Paola Santiago and the Forest of Nightmares
Paola Santiago and the Forest of Nightmares by Tehlor Kay Mejia is the well-awaited sequel to Paola’s story. Paola is having dreams again, and when Dante’s Abuela goes into a coma, it’s time to see why.
All quotes are from an advanced reader copy, and may or may not reflect the published edition.
Six months after Paola Santiago confronted the legendary La Llorona, life is nothing like she’d expected it to be. She is barely speaking to her best friends, Dante and Emma, and what’s worse, her mom has a totally annoying boyfriend. Even with her chupacabra puppy, Bruto, around, Pao can’t escape the feeling that she’s all alone in the world.
Pao has no one to tell that she’s having nightmares again, this time set in a terrifying forest.
Even more troubling? At their center is her estranged father, an enigma of a man she barely remembers. And when Dante’s abuela falls mysteriously ill, it seems that the dad Pao never knew just might be the key to healing the eccentric old woman.
Pao’s search for her father will send her far from home, where she will encounter new monsters and ghosts, a devastating betrayal, and finally, the forest of her nightmares. Will the truths her father has been hiding save the people Pao loves, or destroy them?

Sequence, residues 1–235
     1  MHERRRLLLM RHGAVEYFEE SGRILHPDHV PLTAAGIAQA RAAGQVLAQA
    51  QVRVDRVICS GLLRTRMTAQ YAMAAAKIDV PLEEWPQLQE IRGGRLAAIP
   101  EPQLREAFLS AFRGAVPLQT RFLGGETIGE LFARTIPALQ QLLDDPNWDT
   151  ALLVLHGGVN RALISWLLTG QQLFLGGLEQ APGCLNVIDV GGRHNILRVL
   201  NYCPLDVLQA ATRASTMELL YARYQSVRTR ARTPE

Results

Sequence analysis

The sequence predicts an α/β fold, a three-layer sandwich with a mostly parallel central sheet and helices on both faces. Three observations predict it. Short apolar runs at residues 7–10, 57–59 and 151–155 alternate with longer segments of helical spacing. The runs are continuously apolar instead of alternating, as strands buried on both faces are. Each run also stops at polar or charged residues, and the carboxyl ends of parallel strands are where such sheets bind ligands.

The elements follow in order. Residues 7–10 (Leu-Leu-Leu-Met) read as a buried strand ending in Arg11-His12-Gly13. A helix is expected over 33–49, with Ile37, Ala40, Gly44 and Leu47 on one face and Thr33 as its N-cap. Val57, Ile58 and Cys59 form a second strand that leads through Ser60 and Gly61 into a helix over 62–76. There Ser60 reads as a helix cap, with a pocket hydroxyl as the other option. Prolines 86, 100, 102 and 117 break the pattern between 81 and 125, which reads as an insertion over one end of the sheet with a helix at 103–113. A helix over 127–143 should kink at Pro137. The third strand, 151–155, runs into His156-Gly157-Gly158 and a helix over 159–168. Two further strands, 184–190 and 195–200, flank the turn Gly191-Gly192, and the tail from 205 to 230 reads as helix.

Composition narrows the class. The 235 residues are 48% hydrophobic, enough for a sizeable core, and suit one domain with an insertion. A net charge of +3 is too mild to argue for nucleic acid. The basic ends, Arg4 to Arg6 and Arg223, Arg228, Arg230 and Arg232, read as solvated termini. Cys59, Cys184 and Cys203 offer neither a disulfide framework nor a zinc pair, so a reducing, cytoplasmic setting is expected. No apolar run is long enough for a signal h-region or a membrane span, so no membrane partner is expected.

Once again Tehlor Kay Mejia draws on her Mexican heritage to tell a wild and wondrous story that combines creatures from folklore with modern-day challenges.
“It was just seventh grade. There was no way it could be harder to navigate than a magical rift filled with supernatural monsters and a bloodthirsty all-powerful ghost, Pao figured.”
This was a fantastic continuation in the series about Paola. Mejia has done a great job of continuing the growth of our hero while weaving in the lore and myths. We get answers to some of the questions that we were left with within the first book, while still hinting at more to come. Paola and her friends are growing up, but things are not going well. The added tension of Pao and her mom’s new boyfriend also added a layer of humor to an otherwise rather dark story.
“You are a hero. You’re my hero.”
While the pacing of this was just as quick as the first book, I didn’t feel it was nearly as creepy as the first. For a book about a forest of nightmares, the nightmares seemed to take a back seat until closer to the end of the book. However, when it did all come together, I found the wrap-up really enjoyable. The arguments between Dante and Paola felt realistic for their age and their personalities. I do wish we had a little bit more of Emma in this book, but I understand that part of her growing apart from Pao was a piece of the plot.
“It doesn’t matter, Paola Santiago,” he said with the voices of four people layered over one another. “In the end, you’ll be dead like all the rest.”
I really enjoyed this book. It was a quick read, and our character’s growth felt realistic to their age group. While not as good as the first book, I wouldn’t say this book suffered from sequel syndrome. Paola was just as loveable as always. The lore in the book was well told, and I can walk away feeling like I learned something from this book.
“I forgive you.”
Thank you to Netgalley and the publisher for a copy of this book in exchange for an honest review.
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